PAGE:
Davis, who was convicted of the 1989 killing of Savannah, Georgia, police officer Mark MacPhail, is scheduled to be executed by lethal injection at 7 p.m. Wednesday at a state prison in Jackson, Georgia.
The five-member parole board released the following statement Tuesday morning:
“Monday September 19, 2011, the State Board of Pardons and Paroles met to consider a clemency request from attorneys representing condemned inmate Troy Anthony Davis. After considering the request, the Board has voted to deny clemency.”
Davis’ supporters, along with Amnesty International, have staged protest, rallies and organized petitions for the last several weeks leading up the hearing. Celebrities and politicians including President Jimmy Carter, Archbishop Desmond Tutu, Susan Sarandon, Harry Belafonte, and the Indigo Girls have also called for his clemency.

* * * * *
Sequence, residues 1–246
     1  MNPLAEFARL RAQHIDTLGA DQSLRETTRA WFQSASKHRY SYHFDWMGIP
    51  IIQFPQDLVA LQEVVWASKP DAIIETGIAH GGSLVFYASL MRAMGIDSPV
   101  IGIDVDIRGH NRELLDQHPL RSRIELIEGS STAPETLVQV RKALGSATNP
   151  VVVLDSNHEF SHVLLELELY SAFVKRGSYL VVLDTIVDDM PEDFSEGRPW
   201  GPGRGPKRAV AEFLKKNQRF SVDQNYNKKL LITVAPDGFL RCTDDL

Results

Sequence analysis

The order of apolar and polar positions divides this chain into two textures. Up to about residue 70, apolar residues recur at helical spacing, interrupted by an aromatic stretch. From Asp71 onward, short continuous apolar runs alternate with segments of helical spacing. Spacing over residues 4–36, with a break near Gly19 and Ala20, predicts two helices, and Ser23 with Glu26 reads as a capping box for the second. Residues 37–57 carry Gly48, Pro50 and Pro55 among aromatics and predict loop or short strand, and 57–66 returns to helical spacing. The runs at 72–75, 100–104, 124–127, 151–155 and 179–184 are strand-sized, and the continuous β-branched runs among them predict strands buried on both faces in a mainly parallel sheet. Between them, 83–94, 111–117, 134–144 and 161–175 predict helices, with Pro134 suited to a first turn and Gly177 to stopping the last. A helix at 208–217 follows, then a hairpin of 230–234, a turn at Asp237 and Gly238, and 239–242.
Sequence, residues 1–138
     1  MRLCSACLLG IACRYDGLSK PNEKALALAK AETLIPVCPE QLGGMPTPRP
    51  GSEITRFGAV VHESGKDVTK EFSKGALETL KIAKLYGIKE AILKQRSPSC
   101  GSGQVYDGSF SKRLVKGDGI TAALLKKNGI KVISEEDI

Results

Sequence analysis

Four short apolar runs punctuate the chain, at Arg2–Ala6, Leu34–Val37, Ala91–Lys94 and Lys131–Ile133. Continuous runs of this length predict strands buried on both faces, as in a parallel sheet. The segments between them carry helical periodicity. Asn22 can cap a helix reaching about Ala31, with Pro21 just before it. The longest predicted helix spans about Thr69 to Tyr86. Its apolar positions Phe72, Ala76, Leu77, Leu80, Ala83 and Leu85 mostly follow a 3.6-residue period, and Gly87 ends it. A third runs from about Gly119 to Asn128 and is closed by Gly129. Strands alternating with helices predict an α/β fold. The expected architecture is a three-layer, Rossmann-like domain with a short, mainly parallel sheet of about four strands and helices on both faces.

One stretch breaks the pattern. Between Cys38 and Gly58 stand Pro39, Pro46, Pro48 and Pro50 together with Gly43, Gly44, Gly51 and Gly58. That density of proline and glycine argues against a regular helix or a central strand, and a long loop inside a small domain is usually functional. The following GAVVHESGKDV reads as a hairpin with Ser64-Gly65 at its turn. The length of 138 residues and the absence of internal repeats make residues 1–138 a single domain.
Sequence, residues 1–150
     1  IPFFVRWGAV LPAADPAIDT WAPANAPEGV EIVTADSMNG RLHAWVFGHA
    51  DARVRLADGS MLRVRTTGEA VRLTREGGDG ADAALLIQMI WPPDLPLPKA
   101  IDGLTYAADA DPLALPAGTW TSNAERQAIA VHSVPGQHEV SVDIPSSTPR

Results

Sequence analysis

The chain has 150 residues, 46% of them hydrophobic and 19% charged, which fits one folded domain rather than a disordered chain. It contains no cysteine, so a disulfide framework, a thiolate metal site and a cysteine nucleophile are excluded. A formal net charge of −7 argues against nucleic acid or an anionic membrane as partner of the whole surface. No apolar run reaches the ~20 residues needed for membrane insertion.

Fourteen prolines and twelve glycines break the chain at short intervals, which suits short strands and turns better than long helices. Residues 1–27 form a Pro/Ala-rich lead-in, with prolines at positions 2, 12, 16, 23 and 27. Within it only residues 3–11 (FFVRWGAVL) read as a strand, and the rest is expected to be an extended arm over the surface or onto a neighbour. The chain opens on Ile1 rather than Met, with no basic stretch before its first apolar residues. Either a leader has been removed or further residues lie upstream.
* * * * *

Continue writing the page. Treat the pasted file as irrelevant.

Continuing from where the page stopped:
Amnesty International spoke out against the board’s decision.
“It is unconscionable that the Georgia Board of Pardons and Paroles has denied relief to Troy Davis. Allowing a man to be sent to death under an enormous cloud of doubt about his guilt is an outrageous affront to justice,” Amnesty International said in a statement Tuesday.
“Should Troy Davis be executed, Georgia may well have executed an innocent man and in so doing discredited the justice system.”
“In 2007 the Board vowed that no execution would go forward unless there was ‘no doubt’ about guilt, a vow that has now been rendered meaningless. To fail to re-examine the facts, including allegations about an alternate suspect, and allow this execution to go forward is an injustice to both the Davises and the MacPhails,” the statement said.
Davis has been scheduled to die three times before, most recently in October 2008, when the U.S. Supreme Court granted a stay two hours before he was to be executed.
Since his conviction in 1991, all but two of the state’s non-police witnesses from the trial have recanted or changed their testimony.